April 2, 2014 | 884 views
Street dedicated to 9/11 first responder
NYPD officer, ‘superhero dad’ honored by town
Hanging below the traditional green street sign on Corey Lane in East Meadow is another one, a blue commemorative sign reading “Officer Francis T. Pitone Ln,” in honor of a 20-year New York Police Department officer, a first responder after the Sept. 11 attacks, who died last August.
Frank Pitone, who was 55, spent more than a year at ground zero and at the Fresh Kills Landfill in Staten Island, where debris from the World Trade Center was dumped. He later developed cancer as a result of time spent at the two sites, and his death was declared a 9/11-related illness by government officials.
Last Saturday, the Town of Hempstead officially dedicated the street, which intersects with Newbridge Road just north of Hempstead Turnpike, at a ceremony in front of more than 100 community members that included Pitone’s family, friends and dozens of NYPD officers.
Pitone was born in Brooklyn in 1958 to Anthony and Joyce Pitone, and graduated from South Side High School in Rockville Centre before settling on Corey Lane in East Meadow. He had four children: Shannon, 16, and Kyle, 15, with his widow, Linda, a retired NYPD officer, and Erik, 26, and Nicole, 22, from a previous marriage. Shannon and Kyle are students at W.T. Clarke High School.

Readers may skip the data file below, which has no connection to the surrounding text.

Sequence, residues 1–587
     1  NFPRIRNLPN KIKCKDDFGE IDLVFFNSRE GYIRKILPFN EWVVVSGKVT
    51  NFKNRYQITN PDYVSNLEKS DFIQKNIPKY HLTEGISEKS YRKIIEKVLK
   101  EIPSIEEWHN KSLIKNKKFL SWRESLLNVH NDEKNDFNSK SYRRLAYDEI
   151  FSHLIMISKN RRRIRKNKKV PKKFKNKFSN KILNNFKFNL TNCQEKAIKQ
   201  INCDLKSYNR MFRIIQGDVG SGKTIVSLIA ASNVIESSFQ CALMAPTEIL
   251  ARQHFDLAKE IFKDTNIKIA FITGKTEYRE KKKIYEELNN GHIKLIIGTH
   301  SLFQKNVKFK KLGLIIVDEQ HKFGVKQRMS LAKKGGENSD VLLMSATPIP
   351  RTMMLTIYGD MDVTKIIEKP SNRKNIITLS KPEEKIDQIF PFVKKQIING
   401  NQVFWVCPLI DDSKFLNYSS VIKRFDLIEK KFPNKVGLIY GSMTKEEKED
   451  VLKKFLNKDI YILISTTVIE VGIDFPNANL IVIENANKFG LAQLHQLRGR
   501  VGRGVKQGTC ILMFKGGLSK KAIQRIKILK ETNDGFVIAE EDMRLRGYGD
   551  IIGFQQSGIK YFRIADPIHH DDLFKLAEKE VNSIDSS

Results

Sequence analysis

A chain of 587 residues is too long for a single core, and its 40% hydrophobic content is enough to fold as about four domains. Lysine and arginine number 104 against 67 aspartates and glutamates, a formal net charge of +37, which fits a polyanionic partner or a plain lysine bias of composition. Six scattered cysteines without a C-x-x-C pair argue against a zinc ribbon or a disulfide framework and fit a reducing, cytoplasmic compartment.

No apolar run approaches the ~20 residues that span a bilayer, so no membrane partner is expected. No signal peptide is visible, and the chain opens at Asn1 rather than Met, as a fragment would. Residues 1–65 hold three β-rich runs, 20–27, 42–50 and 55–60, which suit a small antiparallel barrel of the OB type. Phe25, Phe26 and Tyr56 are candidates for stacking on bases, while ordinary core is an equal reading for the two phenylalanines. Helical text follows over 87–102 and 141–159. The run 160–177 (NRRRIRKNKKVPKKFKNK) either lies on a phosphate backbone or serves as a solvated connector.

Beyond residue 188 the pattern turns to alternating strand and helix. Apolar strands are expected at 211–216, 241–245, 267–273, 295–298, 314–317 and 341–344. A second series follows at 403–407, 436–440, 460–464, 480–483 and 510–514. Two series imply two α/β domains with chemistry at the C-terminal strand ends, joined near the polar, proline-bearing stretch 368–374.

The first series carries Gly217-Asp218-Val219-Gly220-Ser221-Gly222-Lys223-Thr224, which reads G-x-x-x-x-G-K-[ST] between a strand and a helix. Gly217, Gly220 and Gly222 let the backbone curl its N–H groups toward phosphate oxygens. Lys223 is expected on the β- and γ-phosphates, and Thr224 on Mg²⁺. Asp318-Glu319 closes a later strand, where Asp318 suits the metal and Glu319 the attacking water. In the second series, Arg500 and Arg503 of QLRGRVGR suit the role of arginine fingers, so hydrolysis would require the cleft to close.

An NYPD officer from 1985 to 2005, Pitone was stationed primarily in the Bronx with his partner, Mike Turtiano. A popular figure in the police force, Pitone was elected a delegate to New York’s Police Benevolent Association a number of times.
Town of Hempstead Supervisor Kate Murray, who led the proceedings, reflected on Pitone’s work on Sept. 11 and in its aftermath. “He worked 12-hour shifts, sometimes more,” she said. “Sorting through the debris and remains. This was his duty. Frank was not only a heroic first responder, he was also known as a superhero dad.”
Nicole, who spoke on the family’s behalf, said her father always put others before himself. “My dad truly was a determined man,” she said. “Not even a month after starting radiation and chemotherapy, he wanted to so badly make it to my college graduation. He did.”